The Airline Pilots Association says the community sentence given to two men who shone a high-powered laser at a police helicopter is not the deterrent they wanted.
James Spiers, 19, and Joshua O'Hare-Knight, 21, were found guilty of causing unnecessary danger to an aircraft on 7 May 2011 in Auckland.
The men shone a laser light into the cockpit of the police's circling Eagle helicopter while they were at friend's birthday party in the suburb of Mt Albert, temporarily blinding the crew with up to six bright green flashes.
The pair faced up to a year in jail and a $10,000 fine over the incident.
But at the Auckland District Court on Thursday, Spiers was sentenced to 140 hours of community service, while O'Hare-Knight was given 160 hours.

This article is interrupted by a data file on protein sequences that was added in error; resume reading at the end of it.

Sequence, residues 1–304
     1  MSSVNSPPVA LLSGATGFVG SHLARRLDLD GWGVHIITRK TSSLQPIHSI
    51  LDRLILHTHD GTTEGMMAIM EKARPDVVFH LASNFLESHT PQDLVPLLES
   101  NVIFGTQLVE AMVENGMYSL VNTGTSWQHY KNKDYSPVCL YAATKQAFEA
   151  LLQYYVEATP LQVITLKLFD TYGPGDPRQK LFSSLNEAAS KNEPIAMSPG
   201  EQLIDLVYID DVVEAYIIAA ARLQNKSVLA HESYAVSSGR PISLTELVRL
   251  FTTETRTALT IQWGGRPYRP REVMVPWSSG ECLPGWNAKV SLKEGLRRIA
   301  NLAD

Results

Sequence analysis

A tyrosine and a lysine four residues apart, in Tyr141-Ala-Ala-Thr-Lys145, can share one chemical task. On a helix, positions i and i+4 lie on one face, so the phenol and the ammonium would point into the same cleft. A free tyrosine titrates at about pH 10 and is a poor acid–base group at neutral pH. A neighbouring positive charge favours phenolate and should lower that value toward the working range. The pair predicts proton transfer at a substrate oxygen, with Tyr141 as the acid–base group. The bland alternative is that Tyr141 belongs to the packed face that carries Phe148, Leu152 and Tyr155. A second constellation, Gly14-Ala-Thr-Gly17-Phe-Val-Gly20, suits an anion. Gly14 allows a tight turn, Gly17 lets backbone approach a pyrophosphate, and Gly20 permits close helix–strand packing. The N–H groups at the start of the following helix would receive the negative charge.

Judge Nevin Dawson told them their actions could have had catastrophic consequences. He described them as reckless, dangerous and said several lives had been put at risk.
Outside court, Airline Pilots Association president Glen Kenny said the sentences fell short of what pilots were hoping for and are not much of a deterrent.
Mr Kenny said there is a section of society that can't be trusted to act responsibly with lasers and he wants public access to lasers restricted.
He said reports of laser strikes are increasing at an alarming rate - from 23 in 2007 to 100 strikes in 2011 and told Radio New Zealand's Checkpoint programme the association supports efforts to ban the importation and sale of high-end lasers.
"The Ministry of Health are consulting at this stage the restriction on the importation and sale of the high-end hand-held lasers, which we support.
"There's also a private members' bill that hopefully will get its first reading in the next few weeks that will actually make possession of them an offence as well - and we definitely support that legislation."